B.C. announces historic half-billion-dollar funding for overdose crisis, mental health

Of it, $152 million will be used to address the opioid crisis and see the creation of 195 new substance use treatment beds

Children’s backpacks and shoes are seen at a CEFA (Core Education and Fine Arts) Early Learning daycare franchise, in Langley, B.C., on Tuesday May 29, 2018. THE CANADIAN PRESS/Darryl Dyck
B.C. budget to expand $10-a-day child care, but misses the mark on ‘truly universal’ system

$111 million will be used to fund 3,750 new $10-a-day spaces though 75 additional ChildCareBC universal prototype sites over the next three years.

Mak Parhar speaks at an anti-mask rally outside the Vancouver Art Gallery on Sunday, Nov. 1, 2020. Parhar was arrested on Nov. 2 and charged with allegedly violating the Quarantine Act after returning from a Flat Earth conference held in Geenville, South Carolina on Oct. 24. (Flat Earth Focker/YouTube.com screenshot)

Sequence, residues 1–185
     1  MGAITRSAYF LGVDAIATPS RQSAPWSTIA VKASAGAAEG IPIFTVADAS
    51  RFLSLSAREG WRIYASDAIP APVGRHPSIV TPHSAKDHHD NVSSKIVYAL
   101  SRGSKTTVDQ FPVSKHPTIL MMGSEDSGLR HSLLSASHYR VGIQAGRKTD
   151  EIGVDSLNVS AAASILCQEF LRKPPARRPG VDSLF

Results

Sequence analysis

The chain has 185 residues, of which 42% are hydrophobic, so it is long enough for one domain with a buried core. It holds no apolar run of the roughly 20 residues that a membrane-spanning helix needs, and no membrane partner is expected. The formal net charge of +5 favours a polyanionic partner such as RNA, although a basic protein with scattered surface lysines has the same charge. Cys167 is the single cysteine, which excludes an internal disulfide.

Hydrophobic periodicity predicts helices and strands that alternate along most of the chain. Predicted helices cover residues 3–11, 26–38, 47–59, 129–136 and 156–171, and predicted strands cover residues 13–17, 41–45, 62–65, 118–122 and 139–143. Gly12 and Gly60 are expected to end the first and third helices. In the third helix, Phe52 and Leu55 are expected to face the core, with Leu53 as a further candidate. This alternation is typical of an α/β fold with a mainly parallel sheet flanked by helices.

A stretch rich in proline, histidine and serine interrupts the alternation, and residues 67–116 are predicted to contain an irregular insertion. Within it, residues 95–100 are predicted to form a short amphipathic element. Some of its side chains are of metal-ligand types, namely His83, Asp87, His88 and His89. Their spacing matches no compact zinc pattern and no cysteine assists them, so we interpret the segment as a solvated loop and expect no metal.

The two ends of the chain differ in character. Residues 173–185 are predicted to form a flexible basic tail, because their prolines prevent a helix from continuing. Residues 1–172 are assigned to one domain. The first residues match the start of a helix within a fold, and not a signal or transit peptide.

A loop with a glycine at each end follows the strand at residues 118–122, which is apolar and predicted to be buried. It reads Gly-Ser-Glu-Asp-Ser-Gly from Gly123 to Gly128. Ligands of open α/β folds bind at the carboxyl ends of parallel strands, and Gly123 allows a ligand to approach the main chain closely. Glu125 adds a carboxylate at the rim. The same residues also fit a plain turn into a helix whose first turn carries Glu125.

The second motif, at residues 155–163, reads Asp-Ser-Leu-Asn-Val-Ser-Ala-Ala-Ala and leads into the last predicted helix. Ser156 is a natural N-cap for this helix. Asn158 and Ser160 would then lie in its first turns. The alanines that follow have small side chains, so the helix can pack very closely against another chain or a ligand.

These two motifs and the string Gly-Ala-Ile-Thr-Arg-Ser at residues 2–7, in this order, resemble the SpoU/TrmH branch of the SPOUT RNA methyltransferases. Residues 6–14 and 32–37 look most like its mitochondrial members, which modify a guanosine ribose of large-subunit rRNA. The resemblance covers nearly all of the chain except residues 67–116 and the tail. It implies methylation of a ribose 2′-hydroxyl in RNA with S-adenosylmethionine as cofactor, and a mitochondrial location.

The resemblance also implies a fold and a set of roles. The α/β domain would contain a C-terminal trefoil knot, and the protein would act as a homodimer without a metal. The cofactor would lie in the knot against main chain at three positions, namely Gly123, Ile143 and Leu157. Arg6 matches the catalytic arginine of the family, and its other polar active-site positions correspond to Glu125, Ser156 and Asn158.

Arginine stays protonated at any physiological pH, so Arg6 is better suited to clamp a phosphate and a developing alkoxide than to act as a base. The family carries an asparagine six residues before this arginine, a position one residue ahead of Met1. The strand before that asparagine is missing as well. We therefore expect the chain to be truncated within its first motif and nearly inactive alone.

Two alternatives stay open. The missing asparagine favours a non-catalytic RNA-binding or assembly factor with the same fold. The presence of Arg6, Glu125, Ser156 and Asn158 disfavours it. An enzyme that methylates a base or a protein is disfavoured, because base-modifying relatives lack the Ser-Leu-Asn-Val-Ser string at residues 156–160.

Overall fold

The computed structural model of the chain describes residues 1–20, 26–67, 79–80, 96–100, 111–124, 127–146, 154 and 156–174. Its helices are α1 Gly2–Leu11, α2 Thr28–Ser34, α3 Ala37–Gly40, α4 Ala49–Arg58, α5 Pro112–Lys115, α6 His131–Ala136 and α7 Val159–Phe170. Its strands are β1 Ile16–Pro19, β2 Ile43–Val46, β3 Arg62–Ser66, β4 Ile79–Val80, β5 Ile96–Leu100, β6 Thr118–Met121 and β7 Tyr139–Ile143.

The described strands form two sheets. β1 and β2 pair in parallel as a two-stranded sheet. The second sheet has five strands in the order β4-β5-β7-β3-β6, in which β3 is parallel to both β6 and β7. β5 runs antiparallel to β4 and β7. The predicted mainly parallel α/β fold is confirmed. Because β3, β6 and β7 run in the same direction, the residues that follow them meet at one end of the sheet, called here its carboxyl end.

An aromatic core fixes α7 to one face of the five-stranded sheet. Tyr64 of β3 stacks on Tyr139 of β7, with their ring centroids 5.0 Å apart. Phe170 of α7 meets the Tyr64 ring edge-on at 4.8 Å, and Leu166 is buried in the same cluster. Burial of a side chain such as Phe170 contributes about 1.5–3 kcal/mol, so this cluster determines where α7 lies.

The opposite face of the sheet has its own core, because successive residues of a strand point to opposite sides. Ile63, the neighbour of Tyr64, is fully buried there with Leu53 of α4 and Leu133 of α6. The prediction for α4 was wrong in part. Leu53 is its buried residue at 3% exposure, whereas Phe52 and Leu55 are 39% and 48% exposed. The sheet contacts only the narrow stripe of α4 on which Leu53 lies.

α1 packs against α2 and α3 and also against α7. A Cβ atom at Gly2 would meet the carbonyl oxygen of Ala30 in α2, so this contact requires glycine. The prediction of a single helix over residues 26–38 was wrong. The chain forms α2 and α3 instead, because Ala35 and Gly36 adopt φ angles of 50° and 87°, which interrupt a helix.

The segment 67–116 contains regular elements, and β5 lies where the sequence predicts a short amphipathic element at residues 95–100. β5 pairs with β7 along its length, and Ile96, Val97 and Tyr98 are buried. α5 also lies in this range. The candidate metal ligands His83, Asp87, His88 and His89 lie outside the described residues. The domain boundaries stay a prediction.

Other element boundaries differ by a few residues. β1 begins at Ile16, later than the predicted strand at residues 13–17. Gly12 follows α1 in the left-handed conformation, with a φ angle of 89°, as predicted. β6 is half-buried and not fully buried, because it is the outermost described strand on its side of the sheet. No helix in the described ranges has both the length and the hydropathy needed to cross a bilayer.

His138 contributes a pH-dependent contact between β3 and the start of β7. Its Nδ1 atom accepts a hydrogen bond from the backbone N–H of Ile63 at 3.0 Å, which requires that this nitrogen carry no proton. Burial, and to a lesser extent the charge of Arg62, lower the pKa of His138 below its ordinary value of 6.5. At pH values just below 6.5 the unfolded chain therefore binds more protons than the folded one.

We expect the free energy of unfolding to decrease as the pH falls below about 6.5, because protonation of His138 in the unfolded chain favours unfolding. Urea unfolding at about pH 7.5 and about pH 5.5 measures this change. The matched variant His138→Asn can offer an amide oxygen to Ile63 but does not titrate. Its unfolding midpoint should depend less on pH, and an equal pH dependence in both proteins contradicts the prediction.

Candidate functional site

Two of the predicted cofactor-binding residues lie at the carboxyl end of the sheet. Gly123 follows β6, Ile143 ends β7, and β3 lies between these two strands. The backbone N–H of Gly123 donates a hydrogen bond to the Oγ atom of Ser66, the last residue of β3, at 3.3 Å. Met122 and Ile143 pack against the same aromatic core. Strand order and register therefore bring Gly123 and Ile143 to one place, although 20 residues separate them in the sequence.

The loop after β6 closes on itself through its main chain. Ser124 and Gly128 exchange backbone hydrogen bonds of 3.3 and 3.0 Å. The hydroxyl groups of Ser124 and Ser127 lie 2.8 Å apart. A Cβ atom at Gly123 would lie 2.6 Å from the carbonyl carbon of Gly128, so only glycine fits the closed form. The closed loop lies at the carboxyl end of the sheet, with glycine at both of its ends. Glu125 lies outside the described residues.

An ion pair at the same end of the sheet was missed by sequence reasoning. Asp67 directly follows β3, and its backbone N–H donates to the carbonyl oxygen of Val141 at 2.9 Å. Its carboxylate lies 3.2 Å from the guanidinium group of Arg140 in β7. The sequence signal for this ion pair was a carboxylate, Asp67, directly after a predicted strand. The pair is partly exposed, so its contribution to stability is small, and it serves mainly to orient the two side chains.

Judge tosses lawsuit of B.C. COVID-denier who broke quarantine after Flat Earth conference

Mak Parhar accused gov, police of trespass, malfeasance, extortion, terrorism, kidnapping and fraud

Join Black Press Media and Do Some Good
Join Black Press Media and Do Some Good

Pay it Forward program supports local businesses in their community giving

Ambulance paramedic in full protective gear works outside Lion’s Gate Hospital, March 23, 2020. Hospitals are seeing record numbers of COVID-19 patients more than a year into the pandemic. (The Canadian Press)
B.C.’s COVID-19 infection rate declines, 849 cases Tuesday

Up to 456 people now in hospital, 148 in intensive care

Christy Clark, who was premier from 2011 to 2017, is the first of several present and past politicians to appear this month before the Cullen Commission, which is investigating the causes and impact of B.C.’s money-laundering problem over the past decade. (Darryl Dyck/Canadian Press)
Christy Clark says she first learned of money-laundering spike in 2015

The former B.C. premier testified Tuesday she was concerned the problem was ‘apparently at an all-time high’

Most Read